There are times, when I am driving in my car being passed by so many other cars speeding along, that I could swear there is an emergency somewhere and I wasn't invited. It seems everyone is in a hurry to get somewhere. The other day I was sitting at a red light, the light turned green and the car in front of me sped away. At the next traffic light the same car was sitting in front of me and, when the light turned green, off the car sped. This went on for three lights. I must say that I was rather amused that this speed demon only seemed to be speeding to a red light, and wasn't getting any further along than I was. In life, this same phenomenon can happen. Going faster doesn't mean we will get where we are going any sooner. We just burn more energy, or gas if we are in the car, than we would if we went at a much safer speed.
I am reminded of Stephen Covey's quadrants. Tasks are classified as important, but not urgent or important and urgent. Most things don't fall into the important and urgent quadrant. In fact, few things do, but many of us operate out of that quadrant. We treat everything like it is an emergency, and we rush around putting out fires that don't exist. The problem with treating everything like an emergency is, when we really have one, we might not recognize it or we will be so burned out that we won't be able to deal with it properly.
If you are not sure whether you are emergency living here is a list of signs:
- You are consistently five to ten minutes late
- Clutter has become a way of life
- You are either in "hurry up" or "catch up" mode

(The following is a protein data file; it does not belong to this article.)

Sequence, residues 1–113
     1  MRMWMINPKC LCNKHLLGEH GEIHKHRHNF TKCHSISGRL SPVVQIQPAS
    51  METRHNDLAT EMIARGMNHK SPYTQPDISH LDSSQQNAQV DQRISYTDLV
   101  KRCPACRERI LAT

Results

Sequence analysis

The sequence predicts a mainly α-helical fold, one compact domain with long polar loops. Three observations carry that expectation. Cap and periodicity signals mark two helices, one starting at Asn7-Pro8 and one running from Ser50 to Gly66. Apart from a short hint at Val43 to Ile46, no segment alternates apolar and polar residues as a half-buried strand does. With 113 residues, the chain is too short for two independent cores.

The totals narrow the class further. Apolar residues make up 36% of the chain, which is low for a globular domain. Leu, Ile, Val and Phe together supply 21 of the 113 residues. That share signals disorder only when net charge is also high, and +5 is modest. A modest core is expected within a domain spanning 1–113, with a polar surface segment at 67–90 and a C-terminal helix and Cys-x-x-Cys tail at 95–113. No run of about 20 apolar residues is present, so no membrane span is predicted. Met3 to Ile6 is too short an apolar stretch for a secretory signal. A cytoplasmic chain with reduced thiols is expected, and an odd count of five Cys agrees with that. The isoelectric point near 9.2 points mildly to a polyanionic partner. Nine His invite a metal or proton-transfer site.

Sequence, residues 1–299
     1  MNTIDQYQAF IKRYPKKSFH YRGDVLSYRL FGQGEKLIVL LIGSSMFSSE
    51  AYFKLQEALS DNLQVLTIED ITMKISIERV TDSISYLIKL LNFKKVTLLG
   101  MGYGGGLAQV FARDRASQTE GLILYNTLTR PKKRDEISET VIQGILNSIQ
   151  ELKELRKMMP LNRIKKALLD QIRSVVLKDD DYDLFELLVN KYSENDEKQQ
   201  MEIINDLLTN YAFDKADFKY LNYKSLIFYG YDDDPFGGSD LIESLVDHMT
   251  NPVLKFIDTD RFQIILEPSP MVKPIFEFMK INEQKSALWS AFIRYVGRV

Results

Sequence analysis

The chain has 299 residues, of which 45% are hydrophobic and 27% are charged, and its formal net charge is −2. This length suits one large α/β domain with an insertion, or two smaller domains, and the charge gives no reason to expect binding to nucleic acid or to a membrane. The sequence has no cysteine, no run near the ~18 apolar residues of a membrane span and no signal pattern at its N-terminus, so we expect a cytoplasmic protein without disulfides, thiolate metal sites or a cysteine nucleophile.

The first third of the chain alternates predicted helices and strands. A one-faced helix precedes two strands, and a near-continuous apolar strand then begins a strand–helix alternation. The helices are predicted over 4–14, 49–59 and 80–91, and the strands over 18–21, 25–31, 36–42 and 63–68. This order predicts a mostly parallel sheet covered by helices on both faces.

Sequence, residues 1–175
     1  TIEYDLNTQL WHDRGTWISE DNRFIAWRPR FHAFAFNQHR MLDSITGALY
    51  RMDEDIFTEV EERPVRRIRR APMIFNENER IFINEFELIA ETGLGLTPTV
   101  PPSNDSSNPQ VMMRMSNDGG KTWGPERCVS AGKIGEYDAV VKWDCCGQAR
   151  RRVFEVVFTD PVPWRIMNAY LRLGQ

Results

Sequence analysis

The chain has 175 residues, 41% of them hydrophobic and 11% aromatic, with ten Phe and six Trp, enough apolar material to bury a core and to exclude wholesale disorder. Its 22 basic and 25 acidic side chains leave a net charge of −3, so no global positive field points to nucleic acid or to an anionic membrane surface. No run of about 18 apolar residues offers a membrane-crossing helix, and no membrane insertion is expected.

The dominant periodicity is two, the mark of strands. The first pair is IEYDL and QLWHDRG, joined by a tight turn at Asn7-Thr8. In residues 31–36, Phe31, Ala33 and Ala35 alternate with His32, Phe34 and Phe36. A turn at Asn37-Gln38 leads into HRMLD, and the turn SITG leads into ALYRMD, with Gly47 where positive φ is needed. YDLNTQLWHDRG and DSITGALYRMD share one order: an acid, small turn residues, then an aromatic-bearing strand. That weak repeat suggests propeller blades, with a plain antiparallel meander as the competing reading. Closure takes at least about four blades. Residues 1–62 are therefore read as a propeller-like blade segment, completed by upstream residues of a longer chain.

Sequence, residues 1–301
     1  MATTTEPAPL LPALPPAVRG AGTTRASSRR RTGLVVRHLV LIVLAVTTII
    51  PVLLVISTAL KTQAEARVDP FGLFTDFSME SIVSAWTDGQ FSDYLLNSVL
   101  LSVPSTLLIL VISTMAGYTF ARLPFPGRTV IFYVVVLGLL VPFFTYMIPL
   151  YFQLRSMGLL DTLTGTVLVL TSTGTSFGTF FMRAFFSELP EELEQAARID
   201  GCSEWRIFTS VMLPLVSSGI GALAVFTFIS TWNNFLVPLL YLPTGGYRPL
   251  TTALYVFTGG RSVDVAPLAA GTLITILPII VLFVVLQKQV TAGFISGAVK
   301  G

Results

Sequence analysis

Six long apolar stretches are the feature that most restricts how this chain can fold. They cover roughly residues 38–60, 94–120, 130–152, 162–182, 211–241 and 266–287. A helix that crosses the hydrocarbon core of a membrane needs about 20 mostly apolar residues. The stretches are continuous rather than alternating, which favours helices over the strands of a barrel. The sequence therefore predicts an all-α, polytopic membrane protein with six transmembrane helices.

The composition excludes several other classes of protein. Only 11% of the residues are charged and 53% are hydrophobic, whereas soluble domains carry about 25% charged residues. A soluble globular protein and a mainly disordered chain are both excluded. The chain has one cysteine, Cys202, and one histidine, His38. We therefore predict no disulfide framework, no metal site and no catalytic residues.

- You consistently forget things and misplace things
- You ran out of patience a long time ago
- You take pride in how much you can do
- You consider multi-tasking an art form
- You promise yourself that, when life slows down, you will take time to do the things you always wanted to do
- You make promises you don't keep
There is a great line from a song, "I'm in a hurry to get things done. I rush and rush until life's no fun." Emergency living causes us to rush right through life. We don't notice what is happening around us and, when we get to where we are rushing to, we simply hurry through so we can get to the next emergency. Slow down! You will get to where you are going soon enough. Like the person in the car rushing to each red light, they got nowhere fast.
If you speed through life treating it as an emergency, stop. Let's face it. The end will get here soon enough. Do you really want to get there any sooner than you have to? Slow down and smell the coffee, smell the roses; just smell. Rushing is no guarantee that you will get to your destination any sooner, but it is a guarantee that you will miss the most important part, the journey.
Coach Rachelle Disbennett-Lee, PhD, is a Certified Master Coach specializing in working with business owners and professionals in being more profitable and productive while staying sane and balanced. Coach Lee is the publisher of the award winning e-zine, 365 Days of Coaching. Her first book, 365 Days of Coaching ? Because Life Happens Every Day (Universal Publisher, 2004) was named a finalist for Best Book 2004 by Publish.com and has a five star rating on Amazon.com. Visit Coach Lee at her websites http://www.coachlee.com and http://www.365daysofcoaching.com. True Direction, Inc. Copyright > > > This article along with byline attached may be freely republished < <